The U.S. Supreme Court upheld most of the federal health care law in a ruling this morning. Among Missouri officials, and on the streets of downtown Columbia this afternoon, reaction was mixed.
Skip Ducharme, who owns a downtown coffee shop, said he's nervous about the effects of the ruling, if he has to buy insurance for his baristas. "I'm a small business owner with 25 employees. I can't afford that. There's a real chance I'll be out of business in a couple years, along with 25 other people," he said. "These are tough times economically."
Kelsey Cunningham, who was downtown for the lunch hour, was happy about the ruling. "Everyone in America should have affordable health care," she said. "Everyone should be covered, and if I have to pay a little more out of pocket so that someone else can be covered, I'm happy to do that."
The court ruled 5 to 4 to uphold most of the Affordable Care Act, with Chief Justice John Roberts — a Republican appointee – siding with the court's four liberal justices.
But the ruling didn't placate conservative critics:
"Lots of things are constitutional that the country shouldn't do," said Roy Blunt, Missouri's Republican senator. Blunt immediately responded to the court ruling in a press conference this morning. "I think voters are going to look for ways to express that we should not go forward with this, and that will have a big impact on what happens in November."
Missouri's two highest-ranking Democrats were laying low today: Senator Claire McCaskill's office sent out a one line response to the ruling:
"There's only ever been one goal for Claire—affordable, accessible health care for Missouri."
Governor Jay Nixon said in a statement, "We're just now beginning to review this ruling so that we can understand exactly what it means for Missouri. This ruling has significant complexities and implications for families, health care providers and insurers in our state."
State legislators were more outspoken.
"I think it's a victory for those without insurance," said State Representative Mary Still, Democrat from Columbia. "It's a victory for the parents of children who have pre-existing conditions -- they can no longer be denied health care coverage. It's a victory for college students and young adults looking for their first job, because they can be covered by their parents' insurance. And it's a victory for seniors: lower drug prices due to the elimination of the doughnut hole in Medicaid Part D."
She said now the biggest task in front of the Missouri legislature is to get moving on establishing the online insurance marketplace, or health insurance exchange, required by the health care law.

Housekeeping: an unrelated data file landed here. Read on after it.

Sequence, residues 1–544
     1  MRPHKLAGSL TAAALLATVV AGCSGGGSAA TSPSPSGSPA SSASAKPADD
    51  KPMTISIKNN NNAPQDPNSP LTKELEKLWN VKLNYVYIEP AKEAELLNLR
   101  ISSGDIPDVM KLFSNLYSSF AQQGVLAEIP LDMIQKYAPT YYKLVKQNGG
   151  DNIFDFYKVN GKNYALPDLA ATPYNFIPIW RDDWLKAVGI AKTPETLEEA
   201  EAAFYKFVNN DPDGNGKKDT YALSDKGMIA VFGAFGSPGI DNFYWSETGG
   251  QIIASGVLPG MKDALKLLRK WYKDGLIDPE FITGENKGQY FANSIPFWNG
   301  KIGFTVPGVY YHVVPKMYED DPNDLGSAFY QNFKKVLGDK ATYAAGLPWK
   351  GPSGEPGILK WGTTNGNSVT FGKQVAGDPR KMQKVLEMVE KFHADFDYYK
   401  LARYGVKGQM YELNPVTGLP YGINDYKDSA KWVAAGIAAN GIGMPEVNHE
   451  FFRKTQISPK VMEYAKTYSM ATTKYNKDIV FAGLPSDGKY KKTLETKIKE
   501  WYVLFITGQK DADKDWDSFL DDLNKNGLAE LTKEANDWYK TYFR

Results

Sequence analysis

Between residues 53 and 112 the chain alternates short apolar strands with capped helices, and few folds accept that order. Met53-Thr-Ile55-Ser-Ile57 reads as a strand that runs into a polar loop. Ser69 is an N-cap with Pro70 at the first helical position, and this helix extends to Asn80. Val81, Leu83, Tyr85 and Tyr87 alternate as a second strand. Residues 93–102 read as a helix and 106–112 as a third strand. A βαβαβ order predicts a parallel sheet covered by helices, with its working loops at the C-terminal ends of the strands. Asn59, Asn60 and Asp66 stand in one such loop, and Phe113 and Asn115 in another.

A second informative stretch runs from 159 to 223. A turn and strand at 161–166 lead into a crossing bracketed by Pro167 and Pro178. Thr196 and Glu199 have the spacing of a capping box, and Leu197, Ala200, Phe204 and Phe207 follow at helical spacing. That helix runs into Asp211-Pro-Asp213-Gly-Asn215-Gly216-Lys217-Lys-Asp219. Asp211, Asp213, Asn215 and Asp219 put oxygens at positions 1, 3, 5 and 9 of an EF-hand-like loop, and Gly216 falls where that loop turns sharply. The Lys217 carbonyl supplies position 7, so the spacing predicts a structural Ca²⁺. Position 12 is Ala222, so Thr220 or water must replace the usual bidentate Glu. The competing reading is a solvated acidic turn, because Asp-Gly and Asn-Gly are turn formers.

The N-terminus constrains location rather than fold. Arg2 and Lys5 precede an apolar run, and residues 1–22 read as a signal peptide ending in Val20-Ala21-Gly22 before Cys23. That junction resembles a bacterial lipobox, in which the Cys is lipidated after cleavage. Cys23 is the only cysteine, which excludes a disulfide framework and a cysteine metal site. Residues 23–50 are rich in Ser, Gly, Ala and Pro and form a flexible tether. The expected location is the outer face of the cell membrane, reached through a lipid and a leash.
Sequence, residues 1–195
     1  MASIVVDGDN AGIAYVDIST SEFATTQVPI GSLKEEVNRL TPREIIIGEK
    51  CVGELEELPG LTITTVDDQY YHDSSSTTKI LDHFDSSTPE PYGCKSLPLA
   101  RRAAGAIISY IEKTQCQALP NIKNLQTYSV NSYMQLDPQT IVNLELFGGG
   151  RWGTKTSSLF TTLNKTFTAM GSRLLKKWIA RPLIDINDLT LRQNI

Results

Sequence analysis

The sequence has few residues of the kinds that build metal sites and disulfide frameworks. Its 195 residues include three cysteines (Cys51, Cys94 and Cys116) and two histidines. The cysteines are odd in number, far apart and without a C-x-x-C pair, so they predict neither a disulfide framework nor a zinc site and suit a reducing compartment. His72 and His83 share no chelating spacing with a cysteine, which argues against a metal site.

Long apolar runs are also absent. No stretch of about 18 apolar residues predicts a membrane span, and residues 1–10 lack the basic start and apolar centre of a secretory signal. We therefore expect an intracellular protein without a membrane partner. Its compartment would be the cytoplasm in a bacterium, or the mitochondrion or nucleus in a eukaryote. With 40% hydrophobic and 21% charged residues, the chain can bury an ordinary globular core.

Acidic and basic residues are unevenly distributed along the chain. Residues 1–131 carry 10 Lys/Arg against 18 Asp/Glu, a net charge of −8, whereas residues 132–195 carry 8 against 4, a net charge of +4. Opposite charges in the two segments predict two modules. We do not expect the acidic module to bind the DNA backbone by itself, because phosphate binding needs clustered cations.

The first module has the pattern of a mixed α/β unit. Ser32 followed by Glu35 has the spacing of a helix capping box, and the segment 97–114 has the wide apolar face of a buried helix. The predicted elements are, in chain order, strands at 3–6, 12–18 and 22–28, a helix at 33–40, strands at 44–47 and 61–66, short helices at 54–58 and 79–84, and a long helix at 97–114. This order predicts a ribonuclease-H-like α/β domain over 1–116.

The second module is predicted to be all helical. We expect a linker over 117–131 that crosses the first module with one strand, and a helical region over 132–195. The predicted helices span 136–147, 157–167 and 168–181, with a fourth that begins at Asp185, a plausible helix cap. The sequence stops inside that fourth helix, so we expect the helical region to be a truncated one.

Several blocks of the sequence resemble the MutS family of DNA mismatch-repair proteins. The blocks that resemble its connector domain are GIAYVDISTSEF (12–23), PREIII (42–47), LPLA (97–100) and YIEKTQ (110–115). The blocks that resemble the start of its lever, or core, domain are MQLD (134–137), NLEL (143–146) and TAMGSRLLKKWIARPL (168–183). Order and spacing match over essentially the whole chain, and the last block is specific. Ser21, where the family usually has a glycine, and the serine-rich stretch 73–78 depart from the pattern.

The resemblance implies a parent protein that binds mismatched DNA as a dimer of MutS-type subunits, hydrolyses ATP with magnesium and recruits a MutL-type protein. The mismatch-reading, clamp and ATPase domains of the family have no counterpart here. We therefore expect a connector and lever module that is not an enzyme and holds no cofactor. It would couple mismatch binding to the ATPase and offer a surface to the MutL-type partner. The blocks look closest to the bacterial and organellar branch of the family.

"We're a little behind the eight-ball, we need to scramble and get busy on this," she said. "The sooner we get up and running, the better opportunity we have to lower insurance rates."
In 2011, the Missouri House passed legislation to establish a state exchange, but the bill stalled in the Senate, thanks to Republican opposition. Senator Scott Rupp was one of the lawmakers who blocked the creation of an insurance exchange.
"It is the building block of the whole federal health care bill," said Rupp. Despite the ruling upholding the health care law, he still opposes creating an exchange.
"By refusing to do that, we are not allowing the federal health care bill to move forward in Missouri."
While the Supreme Court ruling upheld most of the law, it did limit the federal government's ability coerce states into expanding their Medicaid programs. A "silver lining for states' rights advocates," according to Republican State Representative Chris Molendorp, who chairs the health insurance committee.
He said he was surprised by the ruling this morning, but welcomed the limitations on Medicaid expansion. Molendorp has also been a longtime proponent of creating a state health insurance exchange, rather than letting the federal government do so.
"Clearly the court ruling pushes state health insurance exchanges to the forefront. I think they can operate regardless of what we do with the Medicaid population. State health insurance exchanges were designed for individuals, the self-employed, the self-proprietor out there, as well as small businesses that are having problems obtaining affordable coverage in the private marketplace."
In Missouri, there are currently about 835,000 people without health insurance. Thomas McAuliffe, with the Missouri Foundation for Health, said now that the Affordable Care Act has been upheld, the number of uninsured will be reduced significantly.
"510,000 Missourians who currently do not have insurance, will have insurance as a result of this law."
McAuliffe said with the long-awaited Supreme Court decision behind us, it's time to focus on some of the provisions of the law that aren't always in the spotlight.
"When we think about this law, so much goes into the individual mandate, so much goes into the setting up of these exchanges. But short shrift tends to go toward the role of prevention, short shrift goes toward what's already been implemented. Keeping children on until the age of 26, wildly popular."
But this is not the end of the politicized debate over the health care law. Republicans in Congress, including Missouri's delegation, have vowed to repeal the law. In fact, the U.S. House, which already voted yes to a repeal, is scheduled to vote again on July 11th.